Deputy city manager Nicole Zieba said City Hall isn't surprised. The Met “owed a lot of money to a lot of people,” she said.
Burdened by the cost of a botched building renovation and a severe recession that dried up donations, the museum made plans late in 2009 to shut down. The city repaid a fifteen-million-dollar bank loan on which the museum had defaulted, along with some liens, and then took title to The Met's main building and surrounding museum property. The four-million-dollar claim is for the difference between what the city paid and what the property is worth.
To read more, click here.
A bitter art-world legal battle that has been making its way through the New York courts for five years might finally be going to trial, according to Randy Kennedy in the New York Times. The poet, photographer, and one-time Andy Warhol acolyte Gerard Malanga filed suit in 2005 against the artist John Chamberlain, contending that Chamberlain sold a 1967 Warhol silkscreen painting that did not belong to him and that he knew was not a real Warhol.
Chamberlain has denied both claims and the Andy Warhol Art Authentication board ruled in 2000 that the piece—315 Johns, a series of images of Chamberlain arranged in a large grid—was genuine. But Malanga, who is asking for the return of the canvases or more than $250,000 in damages, contends that Warhol never knew about the work. He said he and two friends cranked it out themselves in 1971 in a studio in Great Barrington, Massachusetts, as an homage to Warhol a year after Malanga left Warhol’s Factory in Manhattan. Over the years, Malanga said, he lost track of the painting and it ended up ended up in Chamberlain’s TriBeCa loft.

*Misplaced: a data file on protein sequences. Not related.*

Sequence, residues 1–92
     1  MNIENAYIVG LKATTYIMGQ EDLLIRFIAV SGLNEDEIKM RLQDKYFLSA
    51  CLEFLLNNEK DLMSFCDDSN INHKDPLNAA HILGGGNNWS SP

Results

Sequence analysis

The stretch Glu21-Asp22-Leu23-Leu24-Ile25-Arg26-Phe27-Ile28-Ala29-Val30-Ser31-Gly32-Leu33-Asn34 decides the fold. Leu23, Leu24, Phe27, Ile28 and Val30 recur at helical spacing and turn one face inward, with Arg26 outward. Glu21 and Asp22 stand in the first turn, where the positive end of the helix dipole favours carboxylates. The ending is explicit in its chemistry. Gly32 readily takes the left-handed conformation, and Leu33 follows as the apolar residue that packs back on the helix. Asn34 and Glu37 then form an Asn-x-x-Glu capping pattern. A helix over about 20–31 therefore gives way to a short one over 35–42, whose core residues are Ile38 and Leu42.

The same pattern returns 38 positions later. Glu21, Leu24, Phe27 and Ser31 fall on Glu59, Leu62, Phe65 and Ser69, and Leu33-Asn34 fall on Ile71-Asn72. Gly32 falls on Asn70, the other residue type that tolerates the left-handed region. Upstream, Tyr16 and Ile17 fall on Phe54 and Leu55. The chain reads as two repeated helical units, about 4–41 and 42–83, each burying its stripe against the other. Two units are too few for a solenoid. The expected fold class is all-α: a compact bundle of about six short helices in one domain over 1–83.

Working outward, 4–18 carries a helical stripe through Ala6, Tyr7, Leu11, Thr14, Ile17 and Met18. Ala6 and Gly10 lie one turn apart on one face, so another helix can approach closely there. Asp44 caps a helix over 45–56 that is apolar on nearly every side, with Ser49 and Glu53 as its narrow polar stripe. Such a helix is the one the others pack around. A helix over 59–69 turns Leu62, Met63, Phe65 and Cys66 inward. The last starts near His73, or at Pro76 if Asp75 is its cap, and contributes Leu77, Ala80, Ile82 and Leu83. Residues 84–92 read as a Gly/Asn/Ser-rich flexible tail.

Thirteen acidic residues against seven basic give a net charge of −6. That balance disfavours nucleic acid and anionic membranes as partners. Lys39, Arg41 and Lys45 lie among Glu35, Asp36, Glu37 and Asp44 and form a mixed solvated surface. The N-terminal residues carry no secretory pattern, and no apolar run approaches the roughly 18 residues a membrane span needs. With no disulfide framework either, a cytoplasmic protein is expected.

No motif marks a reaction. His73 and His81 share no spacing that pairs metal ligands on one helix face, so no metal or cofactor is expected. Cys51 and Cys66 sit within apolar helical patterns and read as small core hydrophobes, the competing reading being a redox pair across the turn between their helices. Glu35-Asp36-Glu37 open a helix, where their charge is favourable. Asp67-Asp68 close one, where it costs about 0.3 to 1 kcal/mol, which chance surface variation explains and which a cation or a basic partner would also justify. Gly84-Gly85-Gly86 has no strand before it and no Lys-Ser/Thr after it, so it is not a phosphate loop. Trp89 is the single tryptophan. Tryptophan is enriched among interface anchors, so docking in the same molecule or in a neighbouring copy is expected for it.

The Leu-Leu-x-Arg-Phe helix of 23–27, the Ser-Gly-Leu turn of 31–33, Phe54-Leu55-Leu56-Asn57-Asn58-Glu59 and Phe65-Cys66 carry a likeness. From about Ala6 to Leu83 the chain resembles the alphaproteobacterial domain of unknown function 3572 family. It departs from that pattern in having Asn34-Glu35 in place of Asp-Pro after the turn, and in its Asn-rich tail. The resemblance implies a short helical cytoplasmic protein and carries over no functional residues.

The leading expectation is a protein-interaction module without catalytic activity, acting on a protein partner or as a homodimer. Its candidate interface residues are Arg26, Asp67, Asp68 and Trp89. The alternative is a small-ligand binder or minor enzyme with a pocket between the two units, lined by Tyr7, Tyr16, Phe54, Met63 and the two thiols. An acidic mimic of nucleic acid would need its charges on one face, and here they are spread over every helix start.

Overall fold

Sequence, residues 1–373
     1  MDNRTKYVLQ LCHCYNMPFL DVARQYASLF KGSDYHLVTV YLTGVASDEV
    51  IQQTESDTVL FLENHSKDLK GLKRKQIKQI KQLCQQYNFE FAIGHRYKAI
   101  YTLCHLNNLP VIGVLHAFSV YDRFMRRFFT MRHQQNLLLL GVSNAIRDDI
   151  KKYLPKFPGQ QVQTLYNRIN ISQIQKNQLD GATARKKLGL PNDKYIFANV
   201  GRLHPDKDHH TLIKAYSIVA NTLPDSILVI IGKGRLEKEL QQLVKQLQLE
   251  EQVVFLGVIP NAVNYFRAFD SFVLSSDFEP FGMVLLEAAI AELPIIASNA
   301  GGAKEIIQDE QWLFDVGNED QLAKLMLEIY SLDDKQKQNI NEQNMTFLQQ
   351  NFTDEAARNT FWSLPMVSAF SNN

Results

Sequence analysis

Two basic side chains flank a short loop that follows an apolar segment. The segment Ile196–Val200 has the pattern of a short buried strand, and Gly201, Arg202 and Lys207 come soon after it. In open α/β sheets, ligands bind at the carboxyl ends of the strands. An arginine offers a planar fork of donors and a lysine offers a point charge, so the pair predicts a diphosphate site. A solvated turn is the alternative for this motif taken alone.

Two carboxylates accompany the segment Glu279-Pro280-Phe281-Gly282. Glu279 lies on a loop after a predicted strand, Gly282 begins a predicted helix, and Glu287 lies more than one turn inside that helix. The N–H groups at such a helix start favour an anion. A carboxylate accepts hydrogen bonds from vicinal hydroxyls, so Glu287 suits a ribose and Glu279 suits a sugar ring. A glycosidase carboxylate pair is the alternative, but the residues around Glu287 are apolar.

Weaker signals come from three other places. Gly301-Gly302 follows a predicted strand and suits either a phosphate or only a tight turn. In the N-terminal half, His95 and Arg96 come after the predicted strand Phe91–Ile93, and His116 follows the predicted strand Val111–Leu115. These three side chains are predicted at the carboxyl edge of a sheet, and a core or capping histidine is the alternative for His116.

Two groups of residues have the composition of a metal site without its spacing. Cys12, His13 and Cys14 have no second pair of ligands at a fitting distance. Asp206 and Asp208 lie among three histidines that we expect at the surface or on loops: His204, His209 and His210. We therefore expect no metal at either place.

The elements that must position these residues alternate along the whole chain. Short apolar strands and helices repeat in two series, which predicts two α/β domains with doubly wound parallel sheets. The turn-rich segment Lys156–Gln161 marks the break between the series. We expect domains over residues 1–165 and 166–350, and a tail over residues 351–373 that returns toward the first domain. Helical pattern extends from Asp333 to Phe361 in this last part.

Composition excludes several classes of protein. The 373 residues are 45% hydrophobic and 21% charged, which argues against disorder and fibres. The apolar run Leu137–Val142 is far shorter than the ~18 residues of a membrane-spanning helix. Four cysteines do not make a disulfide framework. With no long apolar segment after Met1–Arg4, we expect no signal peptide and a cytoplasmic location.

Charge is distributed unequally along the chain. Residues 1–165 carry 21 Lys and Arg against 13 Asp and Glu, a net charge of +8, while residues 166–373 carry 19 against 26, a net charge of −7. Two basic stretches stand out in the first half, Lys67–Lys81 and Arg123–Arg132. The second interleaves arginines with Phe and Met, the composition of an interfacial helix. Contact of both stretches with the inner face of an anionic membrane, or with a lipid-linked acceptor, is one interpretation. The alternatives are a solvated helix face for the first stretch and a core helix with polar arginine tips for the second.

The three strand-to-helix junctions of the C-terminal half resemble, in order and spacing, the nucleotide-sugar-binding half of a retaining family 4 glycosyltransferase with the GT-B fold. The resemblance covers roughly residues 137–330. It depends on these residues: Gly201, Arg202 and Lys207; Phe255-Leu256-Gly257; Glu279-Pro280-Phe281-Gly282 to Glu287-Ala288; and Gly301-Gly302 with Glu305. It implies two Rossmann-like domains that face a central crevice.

Chamberlain’s request to have the case dismissed was denied by a New York State Supreme Court judge in 2008 and an appeal of that decision was rejected by the state’s Appellate Division in 2010. A second request for dismissal was denied in December and Malanga’s lawyer, Peter R. Stern, said that he now expects the court to set a date for a trial to begin sometime within the next two months.
Marion True, the former antiquities curator of the Getty Museum (which for many years has been one of the leading collectors of world-class antiquities), was put on trial beginning in 2005 for conspiring to receive antiquities that had been illegally excavated and exported from Italy. Now, in the Art Newspaper, she speaks out on why it is hard to accept the lack of verdict after her five-year trial.